| Saturday, April 22, 2006
| Condo Insurance
|Here's some figures pertaining to homeowners and condo insurance in Florida with all of the hurricane problems.
Key Facts From Florida's 2004 Nightmare Hurricane Season
The Office of Insurance Regulation is projecting $20.9 billion in insured losses and 1.66 million claims from the 2004 hurricane season.
It is estimated by the Insurance Information Institute that one in every five Florida homes was impacted by a hurricane to some degree last year. State officials note that every public school in Florida has been closed at least one day this year because of a hurricane threat.
"This loss of premium income and capital was distributed among the insurers ($11.3 billion), the reinsurance market ($5.75 billion) and the Florida Hurricane Catastrophe Fund," OIR noted in its hurricane task force report.
Here is a breakdown:
Hurricane Charley 481,372 claims and $8 billion in insured losses;
Hurricane Frances 547,325 claims and $5.1 billion in insured losses;
Hurricane Ivan 213,390 claims and $3.8 billion in insured losses;
Hurricane Jeanne 425,647 claims and $4 billion in losses.
An estimated 2.6 million of Florida's 8.1 million housing units were damaged by the hurricanes, with 35,000 destroyed, 649,000 sustaining major damage and 1,917,000 sustaining minor damage. (University of Florida, Bureau of Economic & Business Research, July 2005 report). Many homeowners did not sustain damage great enough to surpass their hurricane deductible, generally 2 percent of the amount of insurance, or $4,000 on a $200,000 house. This explains 1.7 million claims and 2.6 million housing units damaged.
The Office of Insurance Regulation estimates that Floridians absorbed $1.6 billion in out-of-pocket losses through their hurricane deductibles.
Total losses from the four hurricanes, including uninsured losses, are much greater than the $26 billion accounted through wind insurer payments, policyholder deductibles and National Flood Insurance Program payments. A ballpark guess is $50 billion to $75 billion.
This is taken from the Florida Insurance Council's website.
|posted by Jan Chilton @ 4:33 PM
| Las Vegas Condos Article
|Here's an article about the newest Las Vegas Real Estate opportunities.
Condos & Poker Chips
By Jim Merritt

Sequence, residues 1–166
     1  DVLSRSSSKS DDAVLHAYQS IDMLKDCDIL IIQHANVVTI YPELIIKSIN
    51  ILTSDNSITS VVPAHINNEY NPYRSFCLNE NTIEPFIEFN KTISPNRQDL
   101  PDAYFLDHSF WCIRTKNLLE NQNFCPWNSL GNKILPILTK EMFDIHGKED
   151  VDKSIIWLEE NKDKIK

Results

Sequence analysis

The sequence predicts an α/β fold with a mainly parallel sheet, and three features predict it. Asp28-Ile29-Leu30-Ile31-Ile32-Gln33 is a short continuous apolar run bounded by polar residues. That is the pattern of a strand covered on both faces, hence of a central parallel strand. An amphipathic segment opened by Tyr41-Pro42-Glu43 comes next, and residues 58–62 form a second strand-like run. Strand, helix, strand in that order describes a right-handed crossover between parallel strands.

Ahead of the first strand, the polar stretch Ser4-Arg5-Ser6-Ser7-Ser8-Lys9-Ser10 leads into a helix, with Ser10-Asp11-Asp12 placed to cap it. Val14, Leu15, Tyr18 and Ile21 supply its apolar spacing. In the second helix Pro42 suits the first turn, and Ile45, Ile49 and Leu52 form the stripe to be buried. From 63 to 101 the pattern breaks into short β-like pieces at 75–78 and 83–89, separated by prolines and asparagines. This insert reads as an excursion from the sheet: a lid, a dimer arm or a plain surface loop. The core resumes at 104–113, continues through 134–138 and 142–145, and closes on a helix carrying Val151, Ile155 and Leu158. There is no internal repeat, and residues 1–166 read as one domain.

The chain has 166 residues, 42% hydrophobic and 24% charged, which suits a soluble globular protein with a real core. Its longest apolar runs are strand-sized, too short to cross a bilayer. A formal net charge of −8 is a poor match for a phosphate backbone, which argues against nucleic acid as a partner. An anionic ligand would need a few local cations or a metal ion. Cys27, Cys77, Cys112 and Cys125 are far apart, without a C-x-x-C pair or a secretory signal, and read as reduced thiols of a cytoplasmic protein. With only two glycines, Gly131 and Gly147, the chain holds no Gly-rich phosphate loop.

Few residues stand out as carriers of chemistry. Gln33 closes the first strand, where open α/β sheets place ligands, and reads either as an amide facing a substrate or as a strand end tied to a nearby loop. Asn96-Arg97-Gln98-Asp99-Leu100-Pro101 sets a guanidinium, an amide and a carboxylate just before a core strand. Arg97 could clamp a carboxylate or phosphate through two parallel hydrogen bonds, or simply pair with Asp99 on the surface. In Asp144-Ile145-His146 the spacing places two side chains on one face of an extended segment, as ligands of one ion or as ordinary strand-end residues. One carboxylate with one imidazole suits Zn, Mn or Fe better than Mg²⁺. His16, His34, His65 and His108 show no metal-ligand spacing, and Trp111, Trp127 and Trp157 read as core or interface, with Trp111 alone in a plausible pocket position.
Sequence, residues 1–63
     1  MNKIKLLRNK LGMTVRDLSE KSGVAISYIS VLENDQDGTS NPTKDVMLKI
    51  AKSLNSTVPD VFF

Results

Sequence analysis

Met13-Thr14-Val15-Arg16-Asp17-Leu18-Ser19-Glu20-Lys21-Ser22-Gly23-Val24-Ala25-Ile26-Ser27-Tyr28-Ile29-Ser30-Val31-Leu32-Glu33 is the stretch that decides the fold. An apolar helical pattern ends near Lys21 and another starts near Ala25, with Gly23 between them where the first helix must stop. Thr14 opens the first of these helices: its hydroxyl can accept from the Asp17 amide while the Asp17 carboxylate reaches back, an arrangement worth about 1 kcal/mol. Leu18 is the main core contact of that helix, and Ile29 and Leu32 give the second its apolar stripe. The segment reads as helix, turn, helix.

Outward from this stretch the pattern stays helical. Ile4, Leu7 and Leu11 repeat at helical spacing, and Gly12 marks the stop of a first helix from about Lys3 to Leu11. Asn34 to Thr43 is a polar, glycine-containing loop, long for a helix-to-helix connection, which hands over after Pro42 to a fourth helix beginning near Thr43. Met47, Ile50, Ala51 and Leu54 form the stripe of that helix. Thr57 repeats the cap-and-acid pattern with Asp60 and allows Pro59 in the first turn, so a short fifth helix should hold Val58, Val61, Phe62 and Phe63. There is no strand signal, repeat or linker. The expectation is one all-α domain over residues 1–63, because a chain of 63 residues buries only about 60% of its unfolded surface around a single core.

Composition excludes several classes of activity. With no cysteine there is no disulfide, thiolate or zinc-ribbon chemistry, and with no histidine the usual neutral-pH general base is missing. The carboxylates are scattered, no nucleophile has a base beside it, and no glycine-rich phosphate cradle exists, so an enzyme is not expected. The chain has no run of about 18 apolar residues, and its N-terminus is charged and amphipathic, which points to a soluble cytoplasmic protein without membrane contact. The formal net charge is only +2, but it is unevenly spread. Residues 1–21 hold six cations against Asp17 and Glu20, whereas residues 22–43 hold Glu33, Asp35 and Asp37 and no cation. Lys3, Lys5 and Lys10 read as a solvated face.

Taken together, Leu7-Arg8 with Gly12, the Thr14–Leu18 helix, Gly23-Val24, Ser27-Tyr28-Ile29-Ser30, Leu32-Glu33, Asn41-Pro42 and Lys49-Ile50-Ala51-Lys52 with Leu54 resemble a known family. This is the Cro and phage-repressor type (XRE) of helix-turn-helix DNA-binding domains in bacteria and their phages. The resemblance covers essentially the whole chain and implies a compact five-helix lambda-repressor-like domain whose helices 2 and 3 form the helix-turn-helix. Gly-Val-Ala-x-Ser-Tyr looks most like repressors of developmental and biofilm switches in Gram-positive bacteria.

Las Vegas, Nevada, is apparently ready to gamble on the growing condo-hotel market trend.
In January, the Las Vegas Sun reported that "the first near-Strip condo-hotels are scheduled to open in the first half of 2006, bringing a new hotel concept to Las Vegas."
The 255-room, $85 million Platinum condo-hotel property is scheduled to be completed this month on East Flamingo Road, according to the Las Vegas Convention and Visitors Authority online construction report.
But a much larger property is on the desert horizon.
The W Las Vegas Hotel, Casino and Residences, reportedly to be the largest W property and the first of the boutique brand with a casino, is currently in the pre-public, pre-construction phase of reservations.
The property is being developed by Edge Star Partners in partnership with Starwood. A Welcome Center is currently under construction to introduce W Las Vegas Residences to the general public.
Demand so far has been "overwhelming," says Maggie Feldman, spokeswoman for W Las Vegas. In addition to a casino, the property will include "destination" dining, nightlife and a Bliss spa.
The W Las Vegas is expected to break ground in early 2007, and open in 2009. It will feature two towers of about 50 stories each with a total of 4,000 units. Prices will start at $650,000 for a studio, and one bedrooms will also be available; owners will have the option of turning their units into part-time hotel accommodations.
"I think the most popular option will be the condo hotel model where the rooms are rented out to hotel guests and the owner shares the revenue that's generated," Feldman said. The revenue split is yet to be determined, she said.
A W spokesman said the brand had its sights set on Vegas for a long time.
"Las Vegas is like no other city in the world and has been on the top of W's development strategy for years," said Ross Klein, President of W Hotels.
Klein said, "The brand is setting the stage for a dramatic entry into one of the world's most important, exciting destinations."
Klein continued, "The W Las Vegas will offer guests extraordinary experiences at every turn through the brand's lifestyle elements - provocative spaces, delightful indulgences and experiential surprises that will be unheard of even by 'Vegas' standards."
Kevin Bagger, research director of the Las Vegas Convention and Visitors Authority, said, "As Las Vegas continues to evolve, the condo hotel product is yet another new facet for Las Vegas lodging as several large projects are planned or under construction. We're excited to see the new condo-hotel properties open, but it's too early to measure their impact on the destination."
Feldman believes that W will settle into a niche in Vegas. Feldman noted, "Currently in Las Vegas, there's a spectrum ranging from the younger more party-oriented hotels… aimed at the young trend setting crowd, and at the other end, luxury hotels … W has skillfully combined those two (markets) as a fashion forward stylish hotel that is still very upscale and luxurious. That's what's missing in Vegas, and that's why the W brand will do so well here."
The January Las Vegas Sun article reported that "a handful (of) condo-hotels have been announced in recent months. Among the properties is a 1,282 unit Trump International Hotel is expected to open early next year.
Jim Merritt is associate editor of Hotel Interactive.
|posted by Jan Chilton @ 4:11 PM